I'm assuming upper and lowercase is in reference to the Socionics tests? Anywho, Internet tests of all kinds tend to be pretty inaccurate. If I only paid attention to test results, I would've solidly been an INTP, which wouldn't really have made sense. What really helped me understand MBTI were the cognitive functions.
Warning: this is going to be long, but I'm putting it up here instead of PM'ing it in case anyone else comes across this thread and was curious.
People primarily use four functions, with the first one being the dominant function, the second being the auxiliary function, the third being the tertiary function, and the last one being the inferior function.
The dominant function describes the person's natural approach to understanding the world. This is important, because someone who seems quieter can technically be an extrovert, while someone who seems louder can technically be an introvert, or someone who seems like an INTP can actually be an INFP. So not all ENFPs will be bouncy, perky, and giggly, and not all INTJs will be serious, cold, and science-y. It's a tendency of the majority, so you can still stereotype each MBTI type and come up with some accuracy, but it makes people who don't exactly fit the description difficult to type.
The auxiliary function describes how that person then translates that information. This is what helps differentiate an INFP from an ENFP and an ESTJ from an ISTJ. They may seem somewhat similar on the outside, but their thought processes vary because of the order of the functions. An ENFP will approach an issue by coming up with different possibilities and then narrowing them down based on their values, while an INFP will use their beliefs as a guide for the sort of possibilities they will explore.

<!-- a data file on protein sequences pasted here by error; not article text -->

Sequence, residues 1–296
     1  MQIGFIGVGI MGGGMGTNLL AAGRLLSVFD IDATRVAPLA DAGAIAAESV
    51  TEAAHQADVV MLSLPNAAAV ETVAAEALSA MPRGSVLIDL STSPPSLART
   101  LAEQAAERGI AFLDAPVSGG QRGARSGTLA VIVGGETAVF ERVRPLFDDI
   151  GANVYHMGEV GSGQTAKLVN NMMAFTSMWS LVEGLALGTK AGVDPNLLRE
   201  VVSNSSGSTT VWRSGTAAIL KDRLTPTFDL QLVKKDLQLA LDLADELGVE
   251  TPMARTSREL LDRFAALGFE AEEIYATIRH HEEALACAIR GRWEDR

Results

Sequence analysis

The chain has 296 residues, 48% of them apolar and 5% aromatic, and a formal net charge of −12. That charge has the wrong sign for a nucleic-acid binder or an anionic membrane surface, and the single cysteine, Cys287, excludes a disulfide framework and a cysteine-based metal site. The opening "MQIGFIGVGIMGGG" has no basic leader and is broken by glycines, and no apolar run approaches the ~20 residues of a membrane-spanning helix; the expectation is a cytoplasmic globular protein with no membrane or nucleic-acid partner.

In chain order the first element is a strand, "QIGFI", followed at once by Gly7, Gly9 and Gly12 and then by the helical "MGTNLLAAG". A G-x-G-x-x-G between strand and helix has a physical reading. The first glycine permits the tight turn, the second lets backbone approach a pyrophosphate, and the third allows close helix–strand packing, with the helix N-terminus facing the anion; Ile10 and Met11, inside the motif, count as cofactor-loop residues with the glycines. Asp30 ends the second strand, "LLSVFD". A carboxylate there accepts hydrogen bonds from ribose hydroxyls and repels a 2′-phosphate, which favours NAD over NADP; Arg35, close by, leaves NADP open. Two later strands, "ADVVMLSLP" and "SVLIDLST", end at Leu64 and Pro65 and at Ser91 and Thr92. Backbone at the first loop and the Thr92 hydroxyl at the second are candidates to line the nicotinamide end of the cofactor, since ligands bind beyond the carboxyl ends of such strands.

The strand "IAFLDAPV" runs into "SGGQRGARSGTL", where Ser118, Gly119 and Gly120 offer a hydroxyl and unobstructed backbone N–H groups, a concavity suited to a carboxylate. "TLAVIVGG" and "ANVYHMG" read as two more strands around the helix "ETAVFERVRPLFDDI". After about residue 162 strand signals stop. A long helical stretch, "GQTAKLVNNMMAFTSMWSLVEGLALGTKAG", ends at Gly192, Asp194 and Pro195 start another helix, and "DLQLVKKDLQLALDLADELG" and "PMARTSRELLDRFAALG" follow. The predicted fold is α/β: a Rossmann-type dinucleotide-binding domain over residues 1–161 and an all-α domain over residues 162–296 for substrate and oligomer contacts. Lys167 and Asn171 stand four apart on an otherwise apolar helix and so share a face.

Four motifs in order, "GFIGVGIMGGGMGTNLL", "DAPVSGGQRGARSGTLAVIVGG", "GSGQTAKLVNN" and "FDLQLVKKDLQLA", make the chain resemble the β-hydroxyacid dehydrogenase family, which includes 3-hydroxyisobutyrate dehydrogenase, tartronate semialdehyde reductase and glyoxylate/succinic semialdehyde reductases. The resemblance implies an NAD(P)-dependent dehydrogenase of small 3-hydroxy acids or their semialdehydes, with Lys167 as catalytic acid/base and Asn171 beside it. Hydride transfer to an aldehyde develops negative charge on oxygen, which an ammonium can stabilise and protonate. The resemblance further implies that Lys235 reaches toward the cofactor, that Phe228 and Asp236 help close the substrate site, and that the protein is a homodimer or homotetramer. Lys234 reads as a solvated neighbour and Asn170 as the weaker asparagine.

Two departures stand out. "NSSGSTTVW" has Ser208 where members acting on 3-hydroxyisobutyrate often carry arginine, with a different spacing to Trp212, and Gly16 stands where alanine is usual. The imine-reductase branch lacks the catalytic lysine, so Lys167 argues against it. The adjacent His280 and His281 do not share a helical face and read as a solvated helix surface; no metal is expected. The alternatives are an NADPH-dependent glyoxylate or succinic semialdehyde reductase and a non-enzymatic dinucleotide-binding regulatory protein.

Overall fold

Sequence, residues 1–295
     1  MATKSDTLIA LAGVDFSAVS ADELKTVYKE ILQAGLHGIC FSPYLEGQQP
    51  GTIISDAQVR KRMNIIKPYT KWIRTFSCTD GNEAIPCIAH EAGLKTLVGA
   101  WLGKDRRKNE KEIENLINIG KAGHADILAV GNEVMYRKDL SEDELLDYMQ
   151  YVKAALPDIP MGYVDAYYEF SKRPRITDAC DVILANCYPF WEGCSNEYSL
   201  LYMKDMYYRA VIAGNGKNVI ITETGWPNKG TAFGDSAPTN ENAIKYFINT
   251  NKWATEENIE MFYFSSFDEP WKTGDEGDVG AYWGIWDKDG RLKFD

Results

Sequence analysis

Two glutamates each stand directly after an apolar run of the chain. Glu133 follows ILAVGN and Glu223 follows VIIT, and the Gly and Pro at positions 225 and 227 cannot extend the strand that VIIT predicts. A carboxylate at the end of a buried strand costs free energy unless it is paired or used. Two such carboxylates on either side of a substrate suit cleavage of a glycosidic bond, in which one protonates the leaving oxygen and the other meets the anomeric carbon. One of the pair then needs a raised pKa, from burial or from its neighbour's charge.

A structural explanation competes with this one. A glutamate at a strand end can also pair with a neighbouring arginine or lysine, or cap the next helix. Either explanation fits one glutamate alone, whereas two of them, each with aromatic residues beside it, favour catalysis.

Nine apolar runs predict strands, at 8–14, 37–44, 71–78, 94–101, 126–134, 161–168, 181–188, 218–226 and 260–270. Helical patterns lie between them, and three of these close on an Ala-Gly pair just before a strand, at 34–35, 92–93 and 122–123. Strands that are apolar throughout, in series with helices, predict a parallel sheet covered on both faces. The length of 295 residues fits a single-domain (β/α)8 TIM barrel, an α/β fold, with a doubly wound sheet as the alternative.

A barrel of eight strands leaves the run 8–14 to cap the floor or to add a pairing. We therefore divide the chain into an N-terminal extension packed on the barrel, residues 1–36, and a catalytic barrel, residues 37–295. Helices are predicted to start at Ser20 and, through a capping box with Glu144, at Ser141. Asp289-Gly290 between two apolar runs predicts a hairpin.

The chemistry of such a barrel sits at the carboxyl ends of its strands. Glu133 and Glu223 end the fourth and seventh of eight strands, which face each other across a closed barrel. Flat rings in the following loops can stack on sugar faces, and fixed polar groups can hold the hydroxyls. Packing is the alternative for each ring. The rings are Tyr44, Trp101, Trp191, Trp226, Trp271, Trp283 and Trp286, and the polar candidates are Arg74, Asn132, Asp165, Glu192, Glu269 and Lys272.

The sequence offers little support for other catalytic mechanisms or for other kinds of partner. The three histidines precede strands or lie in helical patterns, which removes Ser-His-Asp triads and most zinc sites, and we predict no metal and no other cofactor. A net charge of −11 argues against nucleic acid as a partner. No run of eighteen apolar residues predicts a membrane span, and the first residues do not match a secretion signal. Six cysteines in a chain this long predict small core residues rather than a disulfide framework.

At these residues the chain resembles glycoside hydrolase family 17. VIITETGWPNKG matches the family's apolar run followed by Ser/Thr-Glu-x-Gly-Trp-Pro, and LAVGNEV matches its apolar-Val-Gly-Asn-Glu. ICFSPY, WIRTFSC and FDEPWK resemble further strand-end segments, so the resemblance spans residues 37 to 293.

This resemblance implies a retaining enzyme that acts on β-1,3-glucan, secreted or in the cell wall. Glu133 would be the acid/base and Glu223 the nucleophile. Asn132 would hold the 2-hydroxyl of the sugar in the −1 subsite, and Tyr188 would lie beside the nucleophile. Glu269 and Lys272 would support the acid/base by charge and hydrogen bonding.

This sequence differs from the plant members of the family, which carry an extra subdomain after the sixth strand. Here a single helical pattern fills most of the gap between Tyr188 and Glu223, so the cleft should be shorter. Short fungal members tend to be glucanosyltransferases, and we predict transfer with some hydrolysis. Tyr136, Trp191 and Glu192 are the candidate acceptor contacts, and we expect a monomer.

The tertiary and inferior functions are areas in which a person lacks development. It's kind of like the anti-thesis to the first two functions, or what the person's naturally good at. For example, ENFPs are great at coming up with ideas, but tend to suck at following through because they tend to suck at building a plan of action and lack the patience for doing things in small increments rather than all at once. That can be explained with cognitive functions.
So when I type people, I pay attention to what a person's good at and what they're bad at. What they excel at usually builds the first function, and what they're bad at helps confirm their first function. It sounds overly simplistic, but this can be anything from the way they dress (do they care about how they look? is it stylistic? minimalist? lack of attention to detail? what does that tell me about their personality? what does that entail?) to the way they speak (what do they enjoy talking about? do they ramble or do they know what they're talking about? how are people reacting? what does that tell me about the personalities of the people around them and what do i know about relationships between these specific types?).
Once I have a lead on their personality, that narrows their type down a whole lot. It's totally fluid and it can change when I learn more about them, but I tend to have a general idea of how they are and build it around that.